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EDITORIAL: Storm watch

Cleveland is the site of the Republican National Convention
Cleveland is the site of the Republican National Convention

These are tough tea leaves to read — there are just so many things that could happen in this week of wildcards. But can we afford to ignore it?

Not for a moment.

First, the underlying reasons.

Despite all sorts of trade deals and market exploration, our big neighbour to the south is still a major trading partner. We’ve diversified and set up free trade agreements with nations from Peru to Chile to Korea, and are on the verge of two major agreements, one with the European Union and the other with the transpacific nations.

And we trade. As a region, the Atlantic provinces have been trading goods for as long as we’ve existed.

The U.S. was and is a huge player in that — which is why the city of Cleveland is so important right now. Cleveland is the site of the Republican National Convention, and this week the Republicans will officially pick their candidate — almost certainly Donald Trump, a campaigner who has apparently never seen a trade deal that he wasn’t willing to class as an attack on jobs in America.

The North American Free Trade deal? He’s called it “a disaster,” saying, “I’m going to tell our NAFTA partners that I intend to immediately renegotiate the terms of that agreement to get a better deal for our workers,” The Hill quoted him as saying.

Trump added that, without “a lot better” terms for the U.S., he would withdraw from NAFTA. (As with many Trump threats/promises, it’s not clear he could actually do it.)

The Trans-Pacific partnership? Trump called it “a rape of our country.” Not an endorsement, to be sure.

So, you can see why it’s important to watch what comes out of Cleveland this week.

The problem is, talking about what could come out of the convention is almost impossible, because anything could happen.

The term “perfect storm” is grossly overused, but in this case, it’s apt.

Cleveland is not only a focal point for a candidate who has roped in support from the KKK and white power groups, it’s also ground zero for those who like Trump for his support of Americans’ right to bear arms — in a city that allows the open carrying of licenced firearms (although not at the convention).

Cleveland’s also going to be a nexus of anti-Trump protest.

And just to ice the risk cake, the weather in Cleveland is going to crest into the mid-30s as the convention progresses.

In other words, hot tempers, hot temperatures and weapons. It’s a volatile mix — and, much like the Trump campaign, a slow-motion train wreck that you can’t help but watch.

There are clear concerns for Canada as a whole and the Atlantic region, in particular, in Cleveland this week.

But you’d need a crystal ball to figure out how this one’s going to unfold.

Not for a moment.

First, the underlying reasons.

Despite all sorts of trade deals and market exploration, our big neighbour to the south is still a major trading partner. We’ve diversified and set up free trade agreements with nations from Peru to Chile to Korea, and are on the verge of two major agreements, one with the European Union and the other with the transpacific nations.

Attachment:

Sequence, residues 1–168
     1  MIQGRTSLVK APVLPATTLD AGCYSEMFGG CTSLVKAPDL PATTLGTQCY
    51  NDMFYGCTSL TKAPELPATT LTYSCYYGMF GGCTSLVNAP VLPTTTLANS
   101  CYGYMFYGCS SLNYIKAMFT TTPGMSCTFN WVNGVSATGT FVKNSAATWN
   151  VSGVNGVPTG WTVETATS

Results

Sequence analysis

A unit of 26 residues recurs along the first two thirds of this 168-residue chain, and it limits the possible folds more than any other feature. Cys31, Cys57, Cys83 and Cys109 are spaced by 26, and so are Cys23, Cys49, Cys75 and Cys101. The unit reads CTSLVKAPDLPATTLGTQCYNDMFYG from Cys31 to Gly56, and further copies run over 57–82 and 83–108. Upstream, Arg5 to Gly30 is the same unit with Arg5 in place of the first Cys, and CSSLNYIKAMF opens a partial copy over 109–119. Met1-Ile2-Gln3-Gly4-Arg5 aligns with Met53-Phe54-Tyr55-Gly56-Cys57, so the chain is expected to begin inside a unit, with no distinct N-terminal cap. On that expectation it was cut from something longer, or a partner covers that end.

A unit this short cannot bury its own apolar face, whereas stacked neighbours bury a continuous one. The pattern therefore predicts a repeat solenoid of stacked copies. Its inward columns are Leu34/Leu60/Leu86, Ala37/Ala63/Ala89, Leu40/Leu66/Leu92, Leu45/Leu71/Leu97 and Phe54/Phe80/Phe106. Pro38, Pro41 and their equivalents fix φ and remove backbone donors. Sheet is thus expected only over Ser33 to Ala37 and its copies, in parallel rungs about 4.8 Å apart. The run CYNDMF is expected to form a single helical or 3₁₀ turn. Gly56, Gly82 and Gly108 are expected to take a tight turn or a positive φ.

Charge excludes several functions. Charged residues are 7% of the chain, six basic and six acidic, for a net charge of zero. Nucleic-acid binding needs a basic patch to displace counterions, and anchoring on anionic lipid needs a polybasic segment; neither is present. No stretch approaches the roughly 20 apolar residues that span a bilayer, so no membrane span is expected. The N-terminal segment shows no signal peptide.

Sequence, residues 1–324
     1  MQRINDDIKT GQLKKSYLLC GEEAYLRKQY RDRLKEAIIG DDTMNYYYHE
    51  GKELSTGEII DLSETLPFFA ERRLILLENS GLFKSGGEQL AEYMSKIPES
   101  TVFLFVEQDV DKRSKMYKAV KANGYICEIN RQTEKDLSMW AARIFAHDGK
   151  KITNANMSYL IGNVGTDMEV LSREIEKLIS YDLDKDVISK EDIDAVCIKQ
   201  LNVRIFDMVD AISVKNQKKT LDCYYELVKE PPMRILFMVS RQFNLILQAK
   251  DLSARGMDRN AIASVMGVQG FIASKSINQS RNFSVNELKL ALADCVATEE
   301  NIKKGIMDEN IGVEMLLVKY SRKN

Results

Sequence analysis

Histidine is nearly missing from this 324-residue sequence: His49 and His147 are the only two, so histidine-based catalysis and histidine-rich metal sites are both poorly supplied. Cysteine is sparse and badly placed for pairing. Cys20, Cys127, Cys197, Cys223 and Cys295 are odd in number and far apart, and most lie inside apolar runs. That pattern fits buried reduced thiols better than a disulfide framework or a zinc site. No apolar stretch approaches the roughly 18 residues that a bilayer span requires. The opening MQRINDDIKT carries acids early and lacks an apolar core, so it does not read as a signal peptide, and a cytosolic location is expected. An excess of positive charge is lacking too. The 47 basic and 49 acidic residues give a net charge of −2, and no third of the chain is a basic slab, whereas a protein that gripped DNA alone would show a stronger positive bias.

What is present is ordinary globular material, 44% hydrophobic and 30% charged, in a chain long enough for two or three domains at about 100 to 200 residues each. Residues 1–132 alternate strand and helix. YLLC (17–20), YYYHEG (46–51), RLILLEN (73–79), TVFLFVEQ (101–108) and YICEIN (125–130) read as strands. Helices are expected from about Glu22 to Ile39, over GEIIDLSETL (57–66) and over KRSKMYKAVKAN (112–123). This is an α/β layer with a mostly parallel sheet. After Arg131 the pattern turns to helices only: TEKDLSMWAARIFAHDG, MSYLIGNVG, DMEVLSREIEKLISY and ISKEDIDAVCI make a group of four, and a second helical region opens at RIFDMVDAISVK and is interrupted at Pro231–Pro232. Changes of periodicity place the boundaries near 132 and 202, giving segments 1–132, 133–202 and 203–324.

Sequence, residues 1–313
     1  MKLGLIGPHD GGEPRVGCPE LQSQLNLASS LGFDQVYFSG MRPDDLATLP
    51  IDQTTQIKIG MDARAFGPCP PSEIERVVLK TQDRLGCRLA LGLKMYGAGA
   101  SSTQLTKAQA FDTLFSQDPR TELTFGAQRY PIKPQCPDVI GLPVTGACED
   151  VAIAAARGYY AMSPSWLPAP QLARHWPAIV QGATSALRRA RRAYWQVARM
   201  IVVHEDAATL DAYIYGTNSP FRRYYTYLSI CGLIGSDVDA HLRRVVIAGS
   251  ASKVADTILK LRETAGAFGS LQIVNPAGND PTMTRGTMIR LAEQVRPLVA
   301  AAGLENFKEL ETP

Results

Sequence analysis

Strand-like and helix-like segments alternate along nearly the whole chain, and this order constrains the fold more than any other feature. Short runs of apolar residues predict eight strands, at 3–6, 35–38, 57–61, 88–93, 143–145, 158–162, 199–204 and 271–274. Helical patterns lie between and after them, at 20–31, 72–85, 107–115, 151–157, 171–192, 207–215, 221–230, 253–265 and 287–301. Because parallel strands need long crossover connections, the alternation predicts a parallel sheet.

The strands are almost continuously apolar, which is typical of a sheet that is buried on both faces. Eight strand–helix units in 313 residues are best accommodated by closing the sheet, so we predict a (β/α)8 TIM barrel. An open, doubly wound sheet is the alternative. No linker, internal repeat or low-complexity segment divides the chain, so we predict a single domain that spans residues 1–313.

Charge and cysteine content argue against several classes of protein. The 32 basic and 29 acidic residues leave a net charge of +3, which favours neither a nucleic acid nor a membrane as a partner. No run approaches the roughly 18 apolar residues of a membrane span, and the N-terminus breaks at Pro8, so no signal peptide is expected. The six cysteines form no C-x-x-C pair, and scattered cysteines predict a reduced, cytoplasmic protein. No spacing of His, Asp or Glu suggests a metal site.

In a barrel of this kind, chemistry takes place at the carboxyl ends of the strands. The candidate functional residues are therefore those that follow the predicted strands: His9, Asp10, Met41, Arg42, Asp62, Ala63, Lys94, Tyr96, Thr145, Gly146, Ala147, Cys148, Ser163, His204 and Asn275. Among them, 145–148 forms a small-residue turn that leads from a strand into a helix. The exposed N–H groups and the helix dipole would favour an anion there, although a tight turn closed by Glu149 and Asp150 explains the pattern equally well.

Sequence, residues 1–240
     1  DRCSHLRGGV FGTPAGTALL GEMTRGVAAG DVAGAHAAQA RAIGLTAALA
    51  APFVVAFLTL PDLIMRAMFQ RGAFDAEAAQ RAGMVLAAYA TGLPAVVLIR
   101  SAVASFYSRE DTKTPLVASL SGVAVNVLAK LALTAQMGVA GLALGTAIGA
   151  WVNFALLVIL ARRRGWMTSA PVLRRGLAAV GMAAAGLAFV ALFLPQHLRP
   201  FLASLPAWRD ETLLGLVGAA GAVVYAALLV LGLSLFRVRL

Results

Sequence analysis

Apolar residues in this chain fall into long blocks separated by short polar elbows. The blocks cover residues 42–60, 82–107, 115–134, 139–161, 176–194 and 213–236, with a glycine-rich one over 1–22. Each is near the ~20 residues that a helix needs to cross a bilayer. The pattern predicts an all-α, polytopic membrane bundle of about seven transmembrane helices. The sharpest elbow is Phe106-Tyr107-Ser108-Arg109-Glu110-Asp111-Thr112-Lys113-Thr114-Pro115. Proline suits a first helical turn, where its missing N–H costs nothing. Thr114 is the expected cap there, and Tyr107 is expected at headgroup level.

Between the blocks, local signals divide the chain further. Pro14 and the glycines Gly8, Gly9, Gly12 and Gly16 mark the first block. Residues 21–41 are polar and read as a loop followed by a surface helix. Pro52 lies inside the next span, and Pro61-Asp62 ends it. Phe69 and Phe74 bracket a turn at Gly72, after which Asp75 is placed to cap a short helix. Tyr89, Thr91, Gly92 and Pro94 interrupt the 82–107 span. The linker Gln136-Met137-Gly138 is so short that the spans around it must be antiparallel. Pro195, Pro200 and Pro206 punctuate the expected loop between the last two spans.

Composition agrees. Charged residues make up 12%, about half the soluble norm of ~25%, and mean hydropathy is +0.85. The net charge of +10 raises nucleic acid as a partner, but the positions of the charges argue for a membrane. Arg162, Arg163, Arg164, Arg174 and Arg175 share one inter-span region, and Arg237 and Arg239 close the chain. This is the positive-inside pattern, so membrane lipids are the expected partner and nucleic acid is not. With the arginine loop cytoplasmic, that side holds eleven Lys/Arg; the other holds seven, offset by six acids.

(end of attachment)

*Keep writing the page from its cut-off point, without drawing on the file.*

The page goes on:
And we trade. As a region, the Atlantic provinces have been trading goods for as long as we’ve existed.

The U.S. was and is a huge player in that — which is why the city of Cleveland is so important right now. Cleveland is the site of the Republican National Convention, and this week the Republicans will officially pick their candidate — almost certainly Donald Trump, a campaigner who has apparently never seen a trade deal that he wasn’t willing to class as an attack on jobs in America.

The North American Free Trade deal? He’s called it “a disaster,” saying, “I’m going to tell our NAFTA partners that I intend to immediately renegotiate the terms of that agreement to get a better deal for our workers,” The Hill quoted him as saying.

Trump added that, without “a lot better” terms for the U.S., he would withdraw from NAFTA. (As with many Trump threats/promises, it’s not clear he could actually do it.)

The Trans-Pacific partnership? Trump called it “a rape of our country.” Not an endorsement, to be sure.

So, you can see why it’s important to watch what comes out of Cleveland this week.

The problem is, talking about what could come out of the convention is almost impossible, because anything could happen.

The term “perfect storm” is grossly overused, but in this case, it’s apt.

Cleveland is not only a focal point for a candidate who has roped in support from the KKK and white power groups, it’s also ground zero for those who like Trump for his support of Americans’ right to bear arms — in a city that allows the open carrying of licenced firearms (although not at the convention).

Cleveland’s also going to be a nexus of anti-Trump protest.

And just to ice the risk cake, the weather in Cleveland is going to crest into the mid-30s as the convention progresses.

In other words, hot tempers, hot temperatures and weapons. It’s a volatile mix — and, much like the Trump campaign, a slow-motion train wreck that you can’t help but watch.

There are clear concerns for Canada as a whole and the Atlantic region, in particular, in Cleveland this week.

But you’d need a crystal ball to figure out how this one’s going to unfold.

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